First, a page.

Spotbugs is a static code analysis program that inspects Java code and flags up possible sources of errors. The set of rules included cover common coding errors that are pervasive in the use of the Java language. The system has a plugin architecture that allows rules to be added and the aim of this project is to build a plugin that extends Spotbugs’ functionality to cover common coding errors related to specific libraries – either from the Java standard library or from external libraries such as the Spring Framework or commonly used Apache libraries.
Information on what kinds of problems to focus on could come from an analysis of StackOverflow or from the analysis of open source software and the commits in open repositories.
The evaluation of the system should utilize existing open source codes and data about code commits. The aim is to demonstrate that the plugin would have identified bugs that were found in the past. A secondary aim is to identify bugs in existing codebases that are not yet identified and fixed.
There is ample scope for extensions. For example, the project could be changed to conduct more than a static code analysis, including information about runtime behaviour or it could use machine learning techniques to identify bug patterns and spot bugs.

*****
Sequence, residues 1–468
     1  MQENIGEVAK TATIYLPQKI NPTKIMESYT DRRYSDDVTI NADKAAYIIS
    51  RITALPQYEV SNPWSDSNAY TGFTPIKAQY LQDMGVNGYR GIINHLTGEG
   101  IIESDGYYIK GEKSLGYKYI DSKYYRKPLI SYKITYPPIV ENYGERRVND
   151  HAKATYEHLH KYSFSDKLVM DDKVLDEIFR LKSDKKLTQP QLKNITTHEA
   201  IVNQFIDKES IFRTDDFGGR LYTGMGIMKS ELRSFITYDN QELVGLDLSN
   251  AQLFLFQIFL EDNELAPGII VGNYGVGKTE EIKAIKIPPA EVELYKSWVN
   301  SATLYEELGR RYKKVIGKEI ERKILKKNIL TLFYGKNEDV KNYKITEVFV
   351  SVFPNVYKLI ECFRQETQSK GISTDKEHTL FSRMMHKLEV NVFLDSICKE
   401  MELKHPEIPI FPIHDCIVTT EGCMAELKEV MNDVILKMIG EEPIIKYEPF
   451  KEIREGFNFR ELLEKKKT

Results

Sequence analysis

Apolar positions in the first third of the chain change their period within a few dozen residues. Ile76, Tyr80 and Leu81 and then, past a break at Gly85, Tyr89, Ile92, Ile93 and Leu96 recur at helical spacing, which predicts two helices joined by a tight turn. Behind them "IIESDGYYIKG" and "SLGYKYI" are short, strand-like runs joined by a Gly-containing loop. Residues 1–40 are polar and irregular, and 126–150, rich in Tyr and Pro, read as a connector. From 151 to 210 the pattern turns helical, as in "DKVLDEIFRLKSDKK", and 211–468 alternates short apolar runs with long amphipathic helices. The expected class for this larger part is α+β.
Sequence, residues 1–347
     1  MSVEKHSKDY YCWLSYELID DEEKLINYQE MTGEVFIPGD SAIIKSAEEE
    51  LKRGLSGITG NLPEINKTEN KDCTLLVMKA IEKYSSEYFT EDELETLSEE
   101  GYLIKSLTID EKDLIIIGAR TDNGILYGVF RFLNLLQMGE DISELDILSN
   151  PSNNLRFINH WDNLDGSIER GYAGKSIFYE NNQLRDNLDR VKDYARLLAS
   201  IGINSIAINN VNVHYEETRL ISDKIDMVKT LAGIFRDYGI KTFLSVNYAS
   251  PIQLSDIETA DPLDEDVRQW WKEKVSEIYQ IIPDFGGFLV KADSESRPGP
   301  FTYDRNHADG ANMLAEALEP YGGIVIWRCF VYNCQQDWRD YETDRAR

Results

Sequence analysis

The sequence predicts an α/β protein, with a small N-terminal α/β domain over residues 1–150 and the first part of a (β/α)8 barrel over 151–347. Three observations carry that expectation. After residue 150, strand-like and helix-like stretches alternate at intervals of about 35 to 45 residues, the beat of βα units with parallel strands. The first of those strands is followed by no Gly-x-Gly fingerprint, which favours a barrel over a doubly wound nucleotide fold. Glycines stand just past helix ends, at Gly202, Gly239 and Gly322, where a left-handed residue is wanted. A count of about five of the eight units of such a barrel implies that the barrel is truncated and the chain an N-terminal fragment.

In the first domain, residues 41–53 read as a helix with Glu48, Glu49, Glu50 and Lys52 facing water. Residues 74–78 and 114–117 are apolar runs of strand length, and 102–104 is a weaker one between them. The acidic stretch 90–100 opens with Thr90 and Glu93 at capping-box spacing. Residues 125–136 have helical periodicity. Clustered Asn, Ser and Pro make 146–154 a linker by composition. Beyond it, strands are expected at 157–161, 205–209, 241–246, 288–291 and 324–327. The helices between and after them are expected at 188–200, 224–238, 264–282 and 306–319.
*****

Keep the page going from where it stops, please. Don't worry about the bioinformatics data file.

This project is suitable as a group project.
The project will deliver two outputs:
- A description of coding errors in the form of a coding error pattern that includes:
- a description of the use case where the error might occur (e.g., setting up a database connection);
- a list of classes and key methods involved;
- a list of examples where the bugs occurred;
- an analysis of cause and effect relationships (illustrated, e.g., in the form of 'neuron diagrams');
- an assessment of the extent to which static code analysis can uncover them.
- A SpotBugs plugin that implements detection of the bugs described.
Alternatively, a tool similar to SpotBugs that fulfills a similar purpose, e.g., where dynamic analysis is required. This could involve augmenting code using aspect-oriented programming and running system-level or unit-level tests.